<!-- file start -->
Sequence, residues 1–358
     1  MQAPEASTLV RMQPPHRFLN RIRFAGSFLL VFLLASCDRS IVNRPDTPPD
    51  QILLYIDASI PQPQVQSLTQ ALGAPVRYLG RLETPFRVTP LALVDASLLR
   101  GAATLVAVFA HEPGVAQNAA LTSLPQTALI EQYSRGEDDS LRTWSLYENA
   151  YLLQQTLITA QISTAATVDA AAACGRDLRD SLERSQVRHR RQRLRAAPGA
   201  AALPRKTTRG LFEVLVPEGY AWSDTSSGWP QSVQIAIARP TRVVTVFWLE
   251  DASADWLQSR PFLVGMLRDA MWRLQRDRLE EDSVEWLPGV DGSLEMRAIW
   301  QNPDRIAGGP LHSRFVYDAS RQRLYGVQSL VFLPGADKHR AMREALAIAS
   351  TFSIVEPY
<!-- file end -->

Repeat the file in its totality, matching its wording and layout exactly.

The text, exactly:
Sequence, residues 1–358
     1  MQAPEASTLV RMQPPHRFLN RIRFAGSFLL VFLLASCDRS IVNRPDTPPD
    51  QILLYIDASI PQPQVQSLTQ ALGAPVRYLG RLETPFRVTP LALVDASLLR
   101  GAATLVAVFA HEPGVAQNAA LTSLPQTALI EQYSRGEDDS LRTWSLYENA
   151  YLLQQTLITA QISTAATVDA AAACGRDLRD SLERSQVRHR RQRLRAAPGA
   201  AALPRKTTRG LFEVLVPEGY AWSDTSSGWP QSVQIAIARP TRVVTVFWLE
   251  DASADWLQSR PFLVGMLRDA MWRLQRDRLE EDSVEWLPGV DGSLEMRAIW
   301  QNPDRIAGGP LHSRFVYDAS RQRLYGVQSL VFLPGADKHR AMREALAIAS
   351  TFSIVEPY